The Castle of Santa Bárbara in Alicante is also extremely impressive. You take a lift up the mountain to reach it and the surrounding views are breathtaking.

The weather was mostly glorious with a minor panic in Santa Pola on the penultimate day. We went there to hang out on the sea front and enjoy the ice-cream parlour (delicious bubblegum flavour blue ice-cream and one that tasted like halva were my favourites :op) but just as we arrived the sky went black and rain came crashing down.

Within fifteen minutes the water was up to the door of the car, the drains had burst their caps and it looked like we weren't going to get out in time. Hailstones and rain were forming a river of the roads and we followed a convoy of worried drivers up to higher ground.

Quite an adventure.

Also had a row of English and Irish bars around the corner that served great Sangria and a stack of BBQ ribs as long as my forearm. We certainly ate well and cooked a lovely meal on the second night which we ate on the roof as the sun went down. It was so nice to feel warm weather again - even got my suntan back! :)

The day we flew back there was a second volcanic eruption in Iceland but thankfully it didn't affect us. Rather a good thing it wasn't as bad as last time otherwise several thousands people might miss voting today :o/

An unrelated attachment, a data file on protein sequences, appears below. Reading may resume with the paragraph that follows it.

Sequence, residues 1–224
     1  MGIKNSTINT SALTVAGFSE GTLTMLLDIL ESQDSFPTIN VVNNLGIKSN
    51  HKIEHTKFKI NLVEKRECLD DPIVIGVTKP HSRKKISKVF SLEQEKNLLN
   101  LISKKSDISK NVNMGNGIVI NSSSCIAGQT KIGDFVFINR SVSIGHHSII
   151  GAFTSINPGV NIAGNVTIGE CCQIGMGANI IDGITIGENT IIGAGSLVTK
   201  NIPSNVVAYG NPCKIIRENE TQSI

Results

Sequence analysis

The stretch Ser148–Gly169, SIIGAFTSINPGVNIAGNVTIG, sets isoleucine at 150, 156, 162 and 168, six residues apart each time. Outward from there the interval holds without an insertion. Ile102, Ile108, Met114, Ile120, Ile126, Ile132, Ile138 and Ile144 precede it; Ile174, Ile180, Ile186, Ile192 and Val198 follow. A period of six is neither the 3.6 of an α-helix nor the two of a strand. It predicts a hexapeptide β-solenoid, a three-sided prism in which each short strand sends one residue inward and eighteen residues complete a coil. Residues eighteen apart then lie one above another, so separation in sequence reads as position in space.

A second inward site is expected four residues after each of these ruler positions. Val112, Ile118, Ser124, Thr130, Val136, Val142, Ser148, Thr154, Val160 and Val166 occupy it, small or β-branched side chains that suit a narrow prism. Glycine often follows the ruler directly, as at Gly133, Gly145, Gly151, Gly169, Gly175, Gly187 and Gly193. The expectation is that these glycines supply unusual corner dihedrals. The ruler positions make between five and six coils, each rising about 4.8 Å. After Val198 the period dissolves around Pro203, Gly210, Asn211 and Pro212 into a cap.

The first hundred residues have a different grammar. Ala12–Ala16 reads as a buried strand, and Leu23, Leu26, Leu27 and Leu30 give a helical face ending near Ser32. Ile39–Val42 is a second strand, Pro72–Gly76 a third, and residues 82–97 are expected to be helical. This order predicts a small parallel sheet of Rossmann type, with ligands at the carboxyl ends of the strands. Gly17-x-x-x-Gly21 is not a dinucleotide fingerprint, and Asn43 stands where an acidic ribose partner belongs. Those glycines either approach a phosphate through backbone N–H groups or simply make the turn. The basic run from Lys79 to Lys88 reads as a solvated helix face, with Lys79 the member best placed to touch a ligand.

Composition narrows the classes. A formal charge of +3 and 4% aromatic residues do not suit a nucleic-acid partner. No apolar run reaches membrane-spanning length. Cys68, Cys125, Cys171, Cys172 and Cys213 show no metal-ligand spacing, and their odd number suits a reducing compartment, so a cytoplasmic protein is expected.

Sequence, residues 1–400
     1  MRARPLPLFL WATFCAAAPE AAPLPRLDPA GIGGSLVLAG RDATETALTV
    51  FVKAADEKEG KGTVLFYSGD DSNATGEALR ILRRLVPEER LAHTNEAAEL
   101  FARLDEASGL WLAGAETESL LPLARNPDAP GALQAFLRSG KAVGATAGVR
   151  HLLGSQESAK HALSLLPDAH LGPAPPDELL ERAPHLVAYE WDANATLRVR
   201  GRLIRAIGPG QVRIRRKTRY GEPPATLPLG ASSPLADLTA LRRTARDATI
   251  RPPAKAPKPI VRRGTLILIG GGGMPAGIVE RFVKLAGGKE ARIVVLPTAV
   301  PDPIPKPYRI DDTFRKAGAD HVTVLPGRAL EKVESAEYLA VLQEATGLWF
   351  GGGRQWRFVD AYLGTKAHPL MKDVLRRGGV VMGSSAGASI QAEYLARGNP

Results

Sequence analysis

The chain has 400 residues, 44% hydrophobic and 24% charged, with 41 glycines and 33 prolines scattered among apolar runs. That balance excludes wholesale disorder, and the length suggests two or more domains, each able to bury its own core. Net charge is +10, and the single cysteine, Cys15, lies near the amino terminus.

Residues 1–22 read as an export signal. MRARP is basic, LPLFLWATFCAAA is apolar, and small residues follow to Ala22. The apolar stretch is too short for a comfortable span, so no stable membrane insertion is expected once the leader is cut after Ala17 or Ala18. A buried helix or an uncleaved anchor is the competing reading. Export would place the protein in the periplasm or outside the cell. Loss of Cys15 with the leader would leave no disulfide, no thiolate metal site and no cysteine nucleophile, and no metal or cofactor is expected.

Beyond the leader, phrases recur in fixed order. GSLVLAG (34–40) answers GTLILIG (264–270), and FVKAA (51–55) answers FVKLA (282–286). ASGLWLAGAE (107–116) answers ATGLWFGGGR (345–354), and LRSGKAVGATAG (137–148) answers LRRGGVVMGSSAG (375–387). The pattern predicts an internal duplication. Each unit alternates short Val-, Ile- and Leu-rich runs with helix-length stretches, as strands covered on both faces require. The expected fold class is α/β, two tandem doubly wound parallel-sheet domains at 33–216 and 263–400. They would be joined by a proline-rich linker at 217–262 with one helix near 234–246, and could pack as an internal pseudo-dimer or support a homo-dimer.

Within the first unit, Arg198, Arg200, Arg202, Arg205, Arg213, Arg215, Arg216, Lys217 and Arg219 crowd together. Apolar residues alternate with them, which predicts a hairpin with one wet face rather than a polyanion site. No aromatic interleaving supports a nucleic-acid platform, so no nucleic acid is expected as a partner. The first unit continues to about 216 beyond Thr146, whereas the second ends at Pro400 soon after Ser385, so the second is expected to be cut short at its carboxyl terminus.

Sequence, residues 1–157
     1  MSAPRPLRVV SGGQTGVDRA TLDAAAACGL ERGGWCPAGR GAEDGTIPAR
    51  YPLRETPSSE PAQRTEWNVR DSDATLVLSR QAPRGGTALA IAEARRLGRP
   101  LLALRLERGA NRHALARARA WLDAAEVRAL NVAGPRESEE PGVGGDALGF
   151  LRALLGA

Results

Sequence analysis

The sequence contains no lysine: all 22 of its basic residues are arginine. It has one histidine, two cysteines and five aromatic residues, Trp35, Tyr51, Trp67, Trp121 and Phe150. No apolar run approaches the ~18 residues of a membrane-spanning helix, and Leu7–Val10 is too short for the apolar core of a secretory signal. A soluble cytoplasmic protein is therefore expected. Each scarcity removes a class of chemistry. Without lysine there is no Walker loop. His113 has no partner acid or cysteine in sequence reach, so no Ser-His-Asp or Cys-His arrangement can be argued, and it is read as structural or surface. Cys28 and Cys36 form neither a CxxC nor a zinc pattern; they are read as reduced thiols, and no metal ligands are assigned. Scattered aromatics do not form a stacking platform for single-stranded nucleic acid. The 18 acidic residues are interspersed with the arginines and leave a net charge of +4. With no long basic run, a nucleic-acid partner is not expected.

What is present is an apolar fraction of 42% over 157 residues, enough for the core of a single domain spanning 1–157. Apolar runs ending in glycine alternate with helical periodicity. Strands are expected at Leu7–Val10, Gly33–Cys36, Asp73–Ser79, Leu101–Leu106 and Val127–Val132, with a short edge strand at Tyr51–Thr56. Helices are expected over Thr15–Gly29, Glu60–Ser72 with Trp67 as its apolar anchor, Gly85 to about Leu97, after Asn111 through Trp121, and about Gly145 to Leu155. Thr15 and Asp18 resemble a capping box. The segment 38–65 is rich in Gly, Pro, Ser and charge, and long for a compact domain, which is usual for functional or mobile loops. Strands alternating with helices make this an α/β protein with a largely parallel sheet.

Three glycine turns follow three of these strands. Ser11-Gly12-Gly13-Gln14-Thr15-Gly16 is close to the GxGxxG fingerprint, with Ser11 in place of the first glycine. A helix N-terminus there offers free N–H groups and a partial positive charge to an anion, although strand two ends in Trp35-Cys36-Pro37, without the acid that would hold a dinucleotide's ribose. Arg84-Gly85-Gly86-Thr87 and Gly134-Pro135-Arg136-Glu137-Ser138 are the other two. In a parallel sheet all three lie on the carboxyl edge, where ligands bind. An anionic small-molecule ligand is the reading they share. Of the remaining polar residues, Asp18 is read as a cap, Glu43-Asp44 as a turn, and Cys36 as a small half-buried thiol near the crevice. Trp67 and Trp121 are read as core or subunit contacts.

Heading up the village hall to vote this evening with mum and Merrick, then off to the pub to see what happens.

Off to London tomorrow for the day to attend a meeting run by the ORS (of which I'm a member) to discuss how Operational Research can be better used to help the Voluntary Sector - something I have a few opinions on :) Hopefully also a chance to network.

Also got some good news - I have a second interview for a consultancy contract I applied for. Doing it over Skype next week, so fingers crossed I may have landed my first biggie since turning self-employed. Would be a huge boost but mustn't jinx it :)

Oh, and a strange 'thank you' e-mail today. I used to help out on a script writing forum, helping people format screen plays and work out dialogue and technical issues. One guy that I helped just sent me a note of thanks for some suggestions I made yonks back as the script is now on the verge of production with figures in the millions being banded about. Flattering that he thought of me and extremely exciting for him. Doesn't happen to many but I wish him the best of success and hope he'll let me know when it comes to the big screen (though these things can take years).

For my part I'm now eight chapters, 25,000 words, from the end of my second novel. The publisher of the first did indeed turn out to be a vanity publisher so I took that no further, but I have a game plan. This one is rather good, even if I do say so myself - much better composition than the first (which needs serious editorial work - about as many words losing as I still have to write on this one). I've got a particular agent I'd like to try so I'm spending the next couple of weeks finishing writing it, then I'm going to see where I can get with it. This one is the very best I can do I believe, so if it doesn't drum up interest then I should probably call it quits. I'm quietly confident though.

So I've got my bounce back. The past month has been rather a holiday and it's time to kick on with some work - try and earn a living.